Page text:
Master of Business Administration graduates are continually in demand, and their salaries underscore their value. In 2015, starting MBA salaries for top graduates - those with the savvy, training and skills most valued by employers - were poised to break into the six-figure category, reported Fortune magazine1.
The problem for many who aspire to that status is how to break away from their demanding careers to pursue a first-rate MBA education, such as that received at the McColl School of Business at Queens University of Charlotte.
McColl graduates are highly valued largely because of the school’s dynamic business programs, which bring real-world scenarios into the classroom under the tutelage of top entrepreneurs, consultants and CEOs.
Graduates with the kinds of skills acquired at the McColl School are in demand by employers.
These skills include:
People management: Supervising and managing people are among the skills that look easy but take true finesse. Workplace conflict can result in major personnel turnover. Poor “people skills” can not only lead to turnover but other negatives ranging from personal attacks (27 percent of those surveyed by CPP, Inc., known for the Myers-Briggs Type and other assessments) to sickness and absence (25 percent), according to a recent workplace conflict report. Almost half (43 percent) of non-managers thought managers dealt poorly with conflict. Only 23 percent of managers shared the view. Training is the biggest driver for high-quality outcomes from conflict2,3,4.
Effective public speaking: Think of magnetic speakers such as President Bill Clinton, President Ronald Reagan or speaker Anthony Robbins. No matter what you think of the content of their messages, the influence they generate is undeniable. You may not ever reach such prominence, of course, but learning to speak in public will put you ahead in business. MBA students have plentiful opportunities to master the fine art of public speaking4.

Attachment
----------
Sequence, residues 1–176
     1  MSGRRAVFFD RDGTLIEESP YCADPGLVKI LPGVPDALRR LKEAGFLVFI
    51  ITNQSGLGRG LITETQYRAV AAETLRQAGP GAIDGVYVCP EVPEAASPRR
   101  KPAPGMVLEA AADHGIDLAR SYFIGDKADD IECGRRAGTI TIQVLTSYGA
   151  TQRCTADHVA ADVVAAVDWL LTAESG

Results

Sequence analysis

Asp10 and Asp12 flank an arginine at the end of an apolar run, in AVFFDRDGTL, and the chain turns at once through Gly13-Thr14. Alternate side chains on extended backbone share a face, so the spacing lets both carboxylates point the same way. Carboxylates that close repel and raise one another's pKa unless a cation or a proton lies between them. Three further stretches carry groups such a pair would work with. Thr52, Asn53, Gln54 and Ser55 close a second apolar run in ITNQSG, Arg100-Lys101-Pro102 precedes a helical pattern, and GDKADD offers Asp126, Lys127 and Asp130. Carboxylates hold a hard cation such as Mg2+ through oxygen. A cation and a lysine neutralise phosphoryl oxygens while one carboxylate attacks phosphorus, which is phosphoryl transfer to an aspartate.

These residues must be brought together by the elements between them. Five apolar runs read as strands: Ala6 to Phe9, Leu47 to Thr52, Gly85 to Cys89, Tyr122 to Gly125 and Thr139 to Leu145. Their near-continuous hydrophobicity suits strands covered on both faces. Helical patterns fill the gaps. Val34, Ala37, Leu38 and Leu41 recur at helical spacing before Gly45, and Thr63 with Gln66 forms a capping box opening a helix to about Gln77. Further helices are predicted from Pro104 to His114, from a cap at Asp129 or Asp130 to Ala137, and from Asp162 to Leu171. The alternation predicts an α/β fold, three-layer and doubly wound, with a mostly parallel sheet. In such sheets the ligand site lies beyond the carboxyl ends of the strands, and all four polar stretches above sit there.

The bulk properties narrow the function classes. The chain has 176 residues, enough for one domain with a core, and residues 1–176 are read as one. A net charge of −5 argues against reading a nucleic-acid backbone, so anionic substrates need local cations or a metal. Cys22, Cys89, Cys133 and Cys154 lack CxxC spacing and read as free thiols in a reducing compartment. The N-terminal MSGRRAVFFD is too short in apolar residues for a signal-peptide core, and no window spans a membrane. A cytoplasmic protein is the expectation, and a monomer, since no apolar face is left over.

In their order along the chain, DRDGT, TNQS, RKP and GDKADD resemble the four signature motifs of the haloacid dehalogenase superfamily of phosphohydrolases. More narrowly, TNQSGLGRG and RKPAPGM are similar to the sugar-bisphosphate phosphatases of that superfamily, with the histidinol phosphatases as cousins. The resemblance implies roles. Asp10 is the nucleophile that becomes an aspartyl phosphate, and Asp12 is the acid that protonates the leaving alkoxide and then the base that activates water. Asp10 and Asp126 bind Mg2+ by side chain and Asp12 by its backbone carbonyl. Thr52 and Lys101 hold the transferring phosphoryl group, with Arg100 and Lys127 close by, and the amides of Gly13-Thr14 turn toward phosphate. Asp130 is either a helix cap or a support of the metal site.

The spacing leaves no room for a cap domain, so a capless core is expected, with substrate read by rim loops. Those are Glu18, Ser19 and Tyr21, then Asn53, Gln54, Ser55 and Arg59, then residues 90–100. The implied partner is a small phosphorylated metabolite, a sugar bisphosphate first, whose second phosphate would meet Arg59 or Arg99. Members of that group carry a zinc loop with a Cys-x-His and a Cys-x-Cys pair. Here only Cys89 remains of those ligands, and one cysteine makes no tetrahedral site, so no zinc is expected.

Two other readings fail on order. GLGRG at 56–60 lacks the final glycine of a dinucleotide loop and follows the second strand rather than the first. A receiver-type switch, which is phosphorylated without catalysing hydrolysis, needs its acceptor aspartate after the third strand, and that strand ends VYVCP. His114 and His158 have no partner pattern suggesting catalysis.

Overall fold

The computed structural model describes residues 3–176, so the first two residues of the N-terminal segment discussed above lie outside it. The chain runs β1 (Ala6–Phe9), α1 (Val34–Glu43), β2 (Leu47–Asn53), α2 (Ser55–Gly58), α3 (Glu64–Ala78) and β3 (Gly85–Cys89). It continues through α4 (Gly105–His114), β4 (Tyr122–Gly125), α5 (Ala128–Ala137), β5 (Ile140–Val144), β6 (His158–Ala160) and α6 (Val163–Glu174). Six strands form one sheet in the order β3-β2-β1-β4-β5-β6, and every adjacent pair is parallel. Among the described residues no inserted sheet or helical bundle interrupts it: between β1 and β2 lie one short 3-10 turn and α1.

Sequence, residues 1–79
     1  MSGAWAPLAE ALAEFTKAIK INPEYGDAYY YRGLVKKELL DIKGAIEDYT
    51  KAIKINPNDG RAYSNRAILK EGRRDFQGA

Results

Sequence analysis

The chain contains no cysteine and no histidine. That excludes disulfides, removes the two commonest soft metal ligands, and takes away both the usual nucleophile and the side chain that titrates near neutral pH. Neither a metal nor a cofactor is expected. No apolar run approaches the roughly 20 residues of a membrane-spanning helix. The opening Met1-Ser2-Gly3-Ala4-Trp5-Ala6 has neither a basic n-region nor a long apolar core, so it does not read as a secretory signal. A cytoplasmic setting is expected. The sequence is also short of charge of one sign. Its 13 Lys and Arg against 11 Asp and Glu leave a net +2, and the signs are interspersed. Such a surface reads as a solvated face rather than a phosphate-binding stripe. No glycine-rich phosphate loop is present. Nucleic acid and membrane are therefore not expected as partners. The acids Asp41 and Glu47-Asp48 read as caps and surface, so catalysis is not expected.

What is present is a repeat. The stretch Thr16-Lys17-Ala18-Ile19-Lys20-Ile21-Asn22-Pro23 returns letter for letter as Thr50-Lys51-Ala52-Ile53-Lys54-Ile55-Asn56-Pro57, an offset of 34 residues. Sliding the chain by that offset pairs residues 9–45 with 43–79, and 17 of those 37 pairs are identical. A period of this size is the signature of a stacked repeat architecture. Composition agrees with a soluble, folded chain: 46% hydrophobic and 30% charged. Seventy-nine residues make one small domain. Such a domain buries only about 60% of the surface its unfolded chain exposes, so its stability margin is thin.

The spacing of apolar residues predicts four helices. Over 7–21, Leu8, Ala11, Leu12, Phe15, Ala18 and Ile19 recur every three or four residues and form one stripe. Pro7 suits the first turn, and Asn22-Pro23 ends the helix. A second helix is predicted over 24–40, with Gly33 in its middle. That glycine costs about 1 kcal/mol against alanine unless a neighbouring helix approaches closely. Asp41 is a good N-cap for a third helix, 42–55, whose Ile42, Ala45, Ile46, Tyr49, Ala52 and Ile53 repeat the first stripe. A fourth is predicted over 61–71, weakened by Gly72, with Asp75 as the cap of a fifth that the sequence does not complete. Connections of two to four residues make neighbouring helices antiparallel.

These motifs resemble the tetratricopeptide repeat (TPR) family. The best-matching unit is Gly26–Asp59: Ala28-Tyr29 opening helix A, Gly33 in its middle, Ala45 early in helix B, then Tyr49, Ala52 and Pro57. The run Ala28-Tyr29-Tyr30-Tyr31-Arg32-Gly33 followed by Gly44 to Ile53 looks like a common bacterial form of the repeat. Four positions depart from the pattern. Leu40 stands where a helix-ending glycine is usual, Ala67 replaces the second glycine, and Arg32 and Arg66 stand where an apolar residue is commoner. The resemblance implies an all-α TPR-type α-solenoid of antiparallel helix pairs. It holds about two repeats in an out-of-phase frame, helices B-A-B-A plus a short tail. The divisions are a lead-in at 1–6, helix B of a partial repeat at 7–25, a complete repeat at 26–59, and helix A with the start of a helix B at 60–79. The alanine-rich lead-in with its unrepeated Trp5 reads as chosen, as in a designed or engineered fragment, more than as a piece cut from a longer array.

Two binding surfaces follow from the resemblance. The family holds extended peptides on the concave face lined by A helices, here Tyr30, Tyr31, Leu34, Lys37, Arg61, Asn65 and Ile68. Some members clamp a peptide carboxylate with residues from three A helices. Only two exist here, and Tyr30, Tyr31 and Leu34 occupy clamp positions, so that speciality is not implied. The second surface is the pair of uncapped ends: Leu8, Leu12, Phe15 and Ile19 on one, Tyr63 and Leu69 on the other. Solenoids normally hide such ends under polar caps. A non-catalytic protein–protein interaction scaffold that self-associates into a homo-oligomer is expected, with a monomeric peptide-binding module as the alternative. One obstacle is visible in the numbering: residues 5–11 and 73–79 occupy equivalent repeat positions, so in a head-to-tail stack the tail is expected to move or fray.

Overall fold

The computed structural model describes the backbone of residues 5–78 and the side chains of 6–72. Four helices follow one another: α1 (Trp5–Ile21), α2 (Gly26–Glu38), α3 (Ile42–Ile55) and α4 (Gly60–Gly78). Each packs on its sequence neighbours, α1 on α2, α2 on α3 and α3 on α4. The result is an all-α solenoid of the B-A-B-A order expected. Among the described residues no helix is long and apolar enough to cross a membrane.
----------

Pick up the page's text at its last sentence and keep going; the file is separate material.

Strategic perspective: MBA graduates learn skills that allow them to employ the latest in risk management planning, performance planning and project management methodologies, which business leaders tend to notice favorably. “It’s like a job promotion,” IT professional Thomas McKay told IT magazine, talking of those graduate school-acquired techniques. “You don’t get recognized for the work you’re going to do, you get recognized for the work you’ve already done5.”
Business Language Translation: Those who hold MBAs understand and interpret financial statements, marketing plans, market analyses, audit reports and business development plans. That knowledge is useful for assessing the health of your company and those of vendors with whom you might do business5.
Data analysis: Knowing how to read financial statements is key, but the real value is understanding how to analyze them. Indeed, many business insiders note that MBAs with consulting and finance expertise have advantages over their lesser-trained colleagues. That skill involves understanding how to use data to improve decision-making and strategy6.
Find out how to jumpstart your career with a highly valued MBA from McColl School of Business at Queens University of Charlotte.